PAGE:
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D.A.: NFL's Chargers Experiment Going Down In Flames; League Looks Foolish

The NFL looks foolish right about now – and it serves them right, D.A. says

November 01, 2018 - 5:15 pm

To choose the most embarrassing element of the Chargers' foray into Los Angeles is impossible at this point. Is it the devastating apathy in the market? Is it the ferocious animosity created in their old home? Is it the lurking horror of moving into a 70,000 seat stadium? Is it the hordes of opposing fans that take over their home games? Any of these would make for a terrifying Halloween script with Roger Goodell as Freddy Krueger haunting football fans' nightmares. 

Now we have word that Jaguars owner Shad Kahn has pulled out of his pursuit to purchase Wembley Stadium, and one can't help but wonder if the league has the Chargers in the queue to London. The Bolts have already agreed to sacrifice a home game this season to play in England; this week, they'll "host" the Titans there. It's obvious the long-term solution to the Chargers in L.A. is questionable at best, and maneuvering them to London might be the only way to salvage the disaster. 

Kahn's ownership of the Jaguars has always felt half-hearted, like a guy who bought an aging house, keeps saying nice things about it, but secretly wants to raze the place and build a condo. The Jags have seemingly had one foot in London since Kahn took over, especially since he owns Fulham in the English Premier League. But this week he pulled out of the sweepstakes to have his own stadium there, stating he faced too much opposition in finalizing the deal. Jacksonville crisis averted? 

Perhaps the two situations are separate, but it's at least interesting to note the league had internal conversations about the viability of the L.A. Chargers the same week Kahn pulled the rip cord on the Wembley deal. Is it possible he was told by his fellow owners that instead of upsetting yet another jolted fan base, the league would prefer to move the Chargers there? The NFL has dealt with the black eye of damaged psyches in St. Louis, San Diego and Oakland in rapid succession. This would keep the Jags in Jacksonville, and not incite a fan base. Los Angeles would barely notice if the Chargers left. 

Don't believe the report that the Chargers are locked into L.A. for at least 20 years. That "firm" lease is anything but. No, the league doesn't want to admit yet the Chargers are a mistake. But that lease is binding only between the Bolts and Stan Kroenke. The Rams owners bought the land, is paying for construction, and took out his own loan. If the NFL told Kroenke to let the Chargers out of the lease, and promised a better financial deal with a relocation to London, he would absolutely budge. Kroenke is directly tied to the Chargers being financially successful. All 32 owners share in certain league revenues. This is not wrangling a municipality to lose its identity. It would merely be asking Kroenke to wave goodbye to the competition in his market.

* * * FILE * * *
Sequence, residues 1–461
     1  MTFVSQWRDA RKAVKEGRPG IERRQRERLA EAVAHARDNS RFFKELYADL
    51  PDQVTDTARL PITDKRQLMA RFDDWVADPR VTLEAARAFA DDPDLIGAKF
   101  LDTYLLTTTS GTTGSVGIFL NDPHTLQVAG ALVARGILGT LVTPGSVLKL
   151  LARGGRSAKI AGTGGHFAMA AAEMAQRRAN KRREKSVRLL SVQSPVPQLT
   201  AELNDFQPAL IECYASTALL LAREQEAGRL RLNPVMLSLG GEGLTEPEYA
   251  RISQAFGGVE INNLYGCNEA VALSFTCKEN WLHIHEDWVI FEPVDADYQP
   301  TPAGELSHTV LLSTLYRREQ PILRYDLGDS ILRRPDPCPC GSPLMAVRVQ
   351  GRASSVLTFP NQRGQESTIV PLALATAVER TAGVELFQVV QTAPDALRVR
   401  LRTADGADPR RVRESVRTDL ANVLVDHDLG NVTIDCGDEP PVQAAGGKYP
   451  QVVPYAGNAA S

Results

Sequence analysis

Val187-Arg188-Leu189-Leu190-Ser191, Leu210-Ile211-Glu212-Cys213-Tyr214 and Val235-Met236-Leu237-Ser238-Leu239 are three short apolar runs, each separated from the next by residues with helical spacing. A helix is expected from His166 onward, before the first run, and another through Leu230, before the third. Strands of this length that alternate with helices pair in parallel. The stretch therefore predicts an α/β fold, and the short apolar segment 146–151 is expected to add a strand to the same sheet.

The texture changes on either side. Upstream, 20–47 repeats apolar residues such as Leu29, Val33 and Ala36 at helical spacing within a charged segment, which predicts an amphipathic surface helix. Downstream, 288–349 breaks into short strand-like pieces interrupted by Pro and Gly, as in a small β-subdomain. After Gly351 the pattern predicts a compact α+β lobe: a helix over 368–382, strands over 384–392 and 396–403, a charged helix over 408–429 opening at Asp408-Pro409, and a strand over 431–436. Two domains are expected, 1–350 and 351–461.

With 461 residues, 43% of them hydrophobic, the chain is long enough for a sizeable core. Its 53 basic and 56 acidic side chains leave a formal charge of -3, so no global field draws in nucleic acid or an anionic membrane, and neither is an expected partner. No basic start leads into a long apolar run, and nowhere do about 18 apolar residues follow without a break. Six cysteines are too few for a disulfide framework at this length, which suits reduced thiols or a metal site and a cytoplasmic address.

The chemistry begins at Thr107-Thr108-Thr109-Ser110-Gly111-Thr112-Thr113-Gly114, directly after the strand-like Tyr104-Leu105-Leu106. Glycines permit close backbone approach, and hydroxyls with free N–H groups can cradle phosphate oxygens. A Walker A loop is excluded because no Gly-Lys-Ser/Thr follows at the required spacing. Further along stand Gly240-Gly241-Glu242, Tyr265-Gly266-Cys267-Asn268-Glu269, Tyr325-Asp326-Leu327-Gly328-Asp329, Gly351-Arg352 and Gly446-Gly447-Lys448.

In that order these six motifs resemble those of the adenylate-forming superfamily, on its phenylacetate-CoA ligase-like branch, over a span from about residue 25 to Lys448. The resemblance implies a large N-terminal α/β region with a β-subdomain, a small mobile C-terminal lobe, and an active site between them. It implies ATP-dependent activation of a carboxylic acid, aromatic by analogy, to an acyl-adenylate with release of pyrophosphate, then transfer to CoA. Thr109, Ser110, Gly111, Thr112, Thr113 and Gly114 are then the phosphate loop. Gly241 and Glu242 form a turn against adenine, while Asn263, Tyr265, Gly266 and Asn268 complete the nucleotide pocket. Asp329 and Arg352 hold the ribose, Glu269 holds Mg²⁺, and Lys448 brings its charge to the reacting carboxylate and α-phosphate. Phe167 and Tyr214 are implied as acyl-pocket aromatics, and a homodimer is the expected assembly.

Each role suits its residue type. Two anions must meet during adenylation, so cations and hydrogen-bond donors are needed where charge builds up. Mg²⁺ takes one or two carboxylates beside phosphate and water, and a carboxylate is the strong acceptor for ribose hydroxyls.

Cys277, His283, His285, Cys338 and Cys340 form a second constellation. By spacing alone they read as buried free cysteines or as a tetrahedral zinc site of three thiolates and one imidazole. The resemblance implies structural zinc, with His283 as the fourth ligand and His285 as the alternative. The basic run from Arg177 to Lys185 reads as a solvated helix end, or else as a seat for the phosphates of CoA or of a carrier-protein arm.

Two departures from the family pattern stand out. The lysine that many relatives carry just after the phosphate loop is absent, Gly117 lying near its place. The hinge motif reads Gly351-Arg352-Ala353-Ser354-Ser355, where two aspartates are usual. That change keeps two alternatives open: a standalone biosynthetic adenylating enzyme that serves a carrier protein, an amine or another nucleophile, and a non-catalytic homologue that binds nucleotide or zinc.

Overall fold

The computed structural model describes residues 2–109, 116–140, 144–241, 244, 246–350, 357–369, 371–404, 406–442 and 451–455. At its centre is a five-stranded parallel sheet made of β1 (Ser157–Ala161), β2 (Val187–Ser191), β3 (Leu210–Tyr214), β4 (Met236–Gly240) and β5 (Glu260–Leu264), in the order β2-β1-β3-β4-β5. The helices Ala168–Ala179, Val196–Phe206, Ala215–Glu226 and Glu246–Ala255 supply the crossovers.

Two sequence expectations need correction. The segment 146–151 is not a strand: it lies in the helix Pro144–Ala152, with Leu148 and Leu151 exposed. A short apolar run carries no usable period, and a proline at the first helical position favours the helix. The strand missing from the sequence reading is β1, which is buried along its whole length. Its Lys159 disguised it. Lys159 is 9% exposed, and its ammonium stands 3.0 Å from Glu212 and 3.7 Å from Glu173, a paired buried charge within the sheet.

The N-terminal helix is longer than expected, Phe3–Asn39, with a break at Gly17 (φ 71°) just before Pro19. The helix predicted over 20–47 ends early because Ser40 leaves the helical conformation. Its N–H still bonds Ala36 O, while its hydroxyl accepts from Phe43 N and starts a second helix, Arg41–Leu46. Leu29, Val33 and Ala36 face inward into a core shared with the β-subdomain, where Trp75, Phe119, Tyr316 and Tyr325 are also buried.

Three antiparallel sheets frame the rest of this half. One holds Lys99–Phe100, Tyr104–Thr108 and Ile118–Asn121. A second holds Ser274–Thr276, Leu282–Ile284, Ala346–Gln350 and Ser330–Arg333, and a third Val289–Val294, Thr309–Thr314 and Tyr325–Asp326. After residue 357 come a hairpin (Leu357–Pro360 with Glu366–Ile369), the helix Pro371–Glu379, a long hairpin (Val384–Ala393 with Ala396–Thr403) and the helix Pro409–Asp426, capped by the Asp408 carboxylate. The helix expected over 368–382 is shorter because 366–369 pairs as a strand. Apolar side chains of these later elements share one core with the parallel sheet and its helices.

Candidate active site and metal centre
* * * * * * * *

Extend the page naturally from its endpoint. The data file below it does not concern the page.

Either way, the league has egg on its face. Three years ago, I wrote about how something smelled fishy in the race to L.A. The NFL's most powerful owners were banging the drum for multiple teams in the City of Angels, even though there was scant evidence the market would support even one. Sure, the media, population base, and corporate money was there. But Angelenos were quite fine thank you with zero teams – and zero local TV blackouts – for 20 years. Would the city embrace two new teams?  

The clear answer now is no. The Rams had a 50-year history in Los Angeles, so nostalgia was an easy win in moving back. The organization was also the first team in, and financially aggressive in building a winner. The Chargers operate on a shoestring budget, and feel like the little brother tripping over his oversized shoes while big bro marches ahead. The NFL figured fans in San Diego would make the 90-minute drive up the coast, but instead it's been the opposite. Such fury and resentment burn there that fans are openly rooting against their old franchise. They are laughing at the team's third-world status. They are high-fiving after Charger losses. 

How long can this go on? The Chargers can't fill up a 30,000 seat soccer stadium. When they do, it's overrun by opposing fans. What will happen in two years when they move into a stadium twice the size, with more expensive ticket prices? What type of punchline will the Chargers be when 35,000 Raider fans show up at the new stadium in 2020, and half the stadium is still empty? 

It was a land grab built on blinding greed, and now it's crashing down on the NFL. The league was so powerful it figured it would shove two teams into L.A. and the fans would come flocking. The arrogant owners arranged the chess board to move franchises where they wanted them, generation of loyalties be damned. So this serves them right. They made fools of fans in San Diego, and now they're being made fools by their new bride. 


Damon Amendolara, known by his fans as D.A., hosts “The D.A. Show,” from 9:00AM-12:00PM, ET, across the country on the nation’s largest 24/7 major-market radio network. “The D.A. Show” is known for its unique perspective on sports, tongue-in-cheek sense of humor, colorful listener interaction, and candid interviews with athletes and coaches. Amendolara also appears regularly on NFL Network as part of the “NFL Top 10” documentary film series, CBS television and SNY TV. He is a Syracuse University grad and native of Warwick, N.Y.